Tuesday, January 21, 2014

Downton Debacle

(Warning - Episode 2 from 1/12/2014 air date spoilers)

Some of you don't watch Downton Abbey--hang with me, this is not a fan post that requires previous review. :) 

Anna Bates is the beloved--perhaps THE most beloved--character on Downton Abbey. She has grown into the position of ladies' maid, is married to a valet, Mr. Bates, and has an overwhelmingly sweet, giving, sacrificial personality. 

Two weeks ago, the Internet erupted into outrage over Episode 2 of Season 4. I'd already seen the episode several months prior when it aired in Britain, so I braced myself for the onslaught that was coming. Episode 2 featured (without visual) the assault of Anna by a visiting valet to the Abbey. It left her raped and emotionally shattered. It shocked viewers and created a backlash against the show.

I was a part of some online discussions surrounding this episode. First, people are VERY emotionally connected with the show, and that in itself stunned me a tad. While I get swept into entertainment, I rarely connect so emotionally as to feel violated myself. Regardless, having already seen it and knowing what is to come, it was quite interesting to sit back and watch the reactions. 

Here are a few of my observations--and for those of you who could care not one snippet for DA, hang in here, I have a question for you:

  1. It was interesting to hear viewers draw conclusions on the show's/writer's intentions before seeing the full season. The overwhelming majority concluded the writer had stooped to rape for shock value to drag in numbers, or to simply shock its viewers with misplaced entertainment. That rape should never be used as entertainment.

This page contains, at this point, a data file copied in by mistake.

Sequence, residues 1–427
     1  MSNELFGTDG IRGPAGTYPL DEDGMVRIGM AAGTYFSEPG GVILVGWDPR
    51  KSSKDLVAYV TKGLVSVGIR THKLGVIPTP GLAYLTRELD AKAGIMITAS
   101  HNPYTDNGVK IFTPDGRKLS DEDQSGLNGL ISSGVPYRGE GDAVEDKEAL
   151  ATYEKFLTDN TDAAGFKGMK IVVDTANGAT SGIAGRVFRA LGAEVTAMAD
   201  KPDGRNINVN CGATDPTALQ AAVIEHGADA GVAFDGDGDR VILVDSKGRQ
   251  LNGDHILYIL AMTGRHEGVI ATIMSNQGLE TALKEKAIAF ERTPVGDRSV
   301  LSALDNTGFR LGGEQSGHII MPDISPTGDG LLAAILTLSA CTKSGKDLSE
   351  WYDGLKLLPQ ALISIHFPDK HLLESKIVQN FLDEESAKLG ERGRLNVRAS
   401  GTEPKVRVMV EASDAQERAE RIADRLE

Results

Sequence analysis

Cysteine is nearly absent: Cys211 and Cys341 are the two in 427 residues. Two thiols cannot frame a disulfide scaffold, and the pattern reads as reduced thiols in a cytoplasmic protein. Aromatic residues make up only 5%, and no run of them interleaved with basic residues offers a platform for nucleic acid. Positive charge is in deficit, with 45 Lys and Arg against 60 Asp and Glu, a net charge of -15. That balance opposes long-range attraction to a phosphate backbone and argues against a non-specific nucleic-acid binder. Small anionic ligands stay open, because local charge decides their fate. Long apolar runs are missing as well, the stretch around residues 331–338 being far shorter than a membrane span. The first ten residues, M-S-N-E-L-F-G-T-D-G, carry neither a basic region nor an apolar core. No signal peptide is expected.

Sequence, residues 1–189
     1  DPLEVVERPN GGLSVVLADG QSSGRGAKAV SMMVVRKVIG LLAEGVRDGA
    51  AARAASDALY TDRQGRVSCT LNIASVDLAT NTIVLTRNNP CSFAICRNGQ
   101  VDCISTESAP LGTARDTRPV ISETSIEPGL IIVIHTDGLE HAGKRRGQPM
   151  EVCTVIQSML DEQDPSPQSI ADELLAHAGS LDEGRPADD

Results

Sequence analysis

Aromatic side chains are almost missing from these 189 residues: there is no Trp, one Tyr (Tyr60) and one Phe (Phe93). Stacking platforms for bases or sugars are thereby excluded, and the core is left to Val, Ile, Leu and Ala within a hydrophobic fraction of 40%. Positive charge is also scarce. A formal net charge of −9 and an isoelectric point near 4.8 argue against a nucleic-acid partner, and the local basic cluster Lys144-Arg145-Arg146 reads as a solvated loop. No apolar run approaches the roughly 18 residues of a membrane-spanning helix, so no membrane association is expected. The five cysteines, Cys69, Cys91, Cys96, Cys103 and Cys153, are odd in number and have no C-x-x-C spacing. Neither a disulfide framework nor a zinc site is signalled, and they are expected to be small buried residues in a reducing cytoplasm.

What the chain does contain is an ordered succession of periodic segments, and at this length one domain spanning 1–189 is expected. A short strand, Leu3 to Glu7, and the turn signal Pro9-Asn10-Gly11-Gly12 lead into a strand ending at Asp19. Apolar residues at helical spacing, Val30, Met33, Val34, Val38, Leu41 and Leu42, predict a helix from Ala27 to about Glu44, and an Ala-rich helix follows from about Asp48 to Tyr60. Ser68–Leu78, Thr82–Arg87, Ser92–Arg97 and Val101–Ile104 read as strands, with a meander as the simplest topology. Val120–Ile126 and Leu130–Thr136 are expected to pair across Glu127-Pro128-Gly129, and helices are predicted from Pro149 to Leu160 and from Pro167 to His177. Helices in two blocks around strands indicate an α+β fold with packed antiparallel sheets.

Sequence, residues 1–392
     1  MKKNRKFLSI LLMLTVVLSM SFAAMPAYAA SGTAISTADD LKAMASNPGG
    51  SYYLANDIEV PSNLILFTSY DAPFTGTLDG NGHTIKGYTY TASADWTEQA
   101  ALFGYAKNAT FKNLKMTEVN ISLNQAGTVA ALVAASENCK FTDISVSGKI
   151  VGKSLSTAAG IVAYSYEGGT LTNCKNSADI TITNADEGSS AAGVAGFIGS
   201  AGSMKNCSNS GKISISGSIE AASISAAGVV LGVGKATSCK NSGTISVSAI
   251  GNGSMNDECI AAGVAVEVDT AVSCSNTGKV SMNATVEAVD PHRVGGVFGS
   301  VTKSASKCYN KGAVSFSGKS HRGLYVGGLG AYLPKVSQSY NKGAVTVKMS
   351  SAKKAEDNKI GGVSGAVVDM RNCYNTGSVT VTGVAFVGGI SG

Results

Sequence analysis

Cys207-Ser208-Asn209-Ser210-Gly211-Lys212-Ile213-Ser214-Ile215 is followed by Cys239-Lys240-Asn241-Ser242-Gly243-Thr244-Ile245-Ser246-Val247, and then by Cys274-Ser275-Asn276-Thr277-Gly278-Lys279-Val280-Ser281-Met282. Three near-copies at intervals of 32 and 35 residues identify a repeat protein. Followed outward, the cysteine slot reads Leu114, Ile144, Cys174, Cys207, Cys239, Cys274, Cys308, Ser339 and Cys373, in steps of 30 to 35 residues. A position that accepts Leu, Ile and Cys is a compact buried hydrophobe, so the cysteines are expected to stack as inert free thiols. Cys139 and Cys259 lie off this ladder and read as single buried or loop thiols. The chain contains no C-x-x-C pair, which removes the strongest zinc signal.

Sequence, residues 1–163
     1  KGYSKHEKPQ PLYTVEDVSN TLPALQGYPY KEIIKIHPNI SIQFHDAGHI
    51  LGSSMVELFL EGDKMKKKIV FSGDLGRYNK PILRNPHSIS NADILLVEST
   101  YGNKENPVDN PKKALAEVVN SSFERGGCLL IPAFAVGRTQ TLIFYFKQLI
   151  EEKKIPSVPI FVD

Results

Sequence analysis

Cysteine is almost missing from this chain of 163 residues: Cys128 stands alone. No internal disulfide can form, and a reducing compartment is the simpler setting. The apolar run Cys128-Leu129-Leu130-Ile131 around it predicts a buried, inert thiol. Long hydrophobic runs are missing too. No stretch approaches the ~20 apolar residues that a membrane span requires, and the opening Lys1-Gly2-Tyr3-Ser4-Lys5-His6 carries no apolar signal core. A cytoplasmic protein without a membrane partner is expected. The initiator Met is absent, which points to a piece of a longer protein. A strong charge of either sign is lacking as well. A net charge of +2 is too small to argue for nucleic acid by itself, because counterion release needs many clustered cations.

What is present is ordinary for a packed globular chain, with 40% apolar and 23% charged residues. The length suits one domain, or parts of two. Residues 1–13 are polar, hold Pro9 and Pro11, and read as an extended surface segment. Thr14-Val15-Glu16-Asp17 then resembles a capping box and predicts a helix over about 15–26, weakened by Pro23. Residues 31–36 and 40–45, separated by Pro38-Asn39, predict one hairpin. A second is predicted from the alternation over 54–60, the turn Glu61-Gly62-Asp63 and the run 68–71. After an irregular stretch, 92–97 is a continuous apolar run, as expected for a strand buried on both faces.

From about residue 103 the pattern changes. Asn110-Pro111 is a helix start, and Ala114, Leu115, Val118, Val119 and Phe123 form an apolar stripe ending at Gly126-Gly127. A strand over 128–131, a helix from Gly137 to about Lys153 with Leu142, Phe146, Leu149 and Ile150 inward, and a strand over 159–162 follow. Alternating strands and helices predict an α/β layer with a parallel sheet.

2. I was also surprised by how many swore they would never watch another episode and that DA had finally "crossed the line".
  3. There was enough outrage to make me feel that if I'd been raped, these folks, though goodhearted, might not be able to emotionally handle my confession--As if these people just simply wouldn't be able to deal with the horror of my circumstances. 
So my come back to all of this?

Oddly enough, the show brought into the light the horrors of rape and did a magnificent job, in episode 2, of doing anything remote to glorifying it as valued entertainment. My conclusion after the painful viewing of Episode 2 was how awful it was and I was truly curious to see how the writer would address the after-effects of a lip-zipped crime that women still feel embarrassed and wrong to admit. Now, I have the bonus in that, I watched the rest of Season 4, I know where the writers will take the rape of Anna Bates, and I applaud them for going somewhere no one seems to be willing to go. For all the women who have super glued their lips shut after the guilt of violation, I herald Downton Abbey. 

But think about this... have you ever seen this type of moral outrage over the sexually promiscuous scenes of other "favorited" movies. For example: The Notebook. It's rife with an adulterous affair, graphic love making, and an alcoholic lover chosen over a faithful, sacrificial war hero. Yet, this is heralded as an instant classic, a fine love story, a beautiful depiction of romance. Warm fuzzies. 

So we herald sinful, explicit lovemaking and adultery and scream in outrage when an assault occurs against a beloved character and sin is exposed in all of its ugliness?

Therein lies my question? When do we find ourselves outraged by entertainment? When tragedy strikes a favorite, or when a favorite finds themselves knee-deep in glorified and applauded sin? Have we by chance placed far more time and effort in skewering a writer you think used rape for entertainment when in fact, there was no glory in the depicting of it at all? And have we by chance, placed sin on our computer desktops as Ryan Gosling takes Rachel McAdams into his bed as she sneaks away from her faithful, betrothed war hero?